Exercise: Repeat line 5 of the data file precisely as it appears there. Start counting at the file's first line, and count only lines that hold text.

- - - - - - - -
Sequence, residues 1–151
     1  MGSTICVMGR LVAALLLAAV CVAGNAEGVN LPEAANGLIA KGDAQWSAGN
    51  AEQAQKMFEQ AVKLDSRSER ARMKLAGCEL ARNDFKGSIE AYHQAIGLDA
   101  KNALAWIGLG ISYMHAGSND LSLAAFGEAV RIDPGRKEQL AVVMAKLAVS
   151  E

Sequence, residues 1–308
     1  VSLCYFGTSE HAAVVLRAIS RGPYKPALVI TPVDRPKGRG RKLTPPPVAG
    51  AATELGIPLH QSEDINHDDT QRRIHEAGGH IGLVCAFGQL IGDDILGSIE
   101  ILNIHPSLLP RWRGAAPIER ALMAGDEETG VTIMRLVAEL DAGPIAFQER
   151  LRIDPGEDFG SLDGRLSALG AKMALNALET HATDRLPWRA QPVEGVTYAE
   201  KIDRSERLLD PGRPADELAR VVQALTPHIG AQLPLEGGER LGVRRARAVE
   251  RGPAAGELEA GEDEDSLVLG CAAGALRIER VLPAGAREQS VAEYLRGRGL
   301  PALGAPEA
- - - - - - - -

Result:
   151  E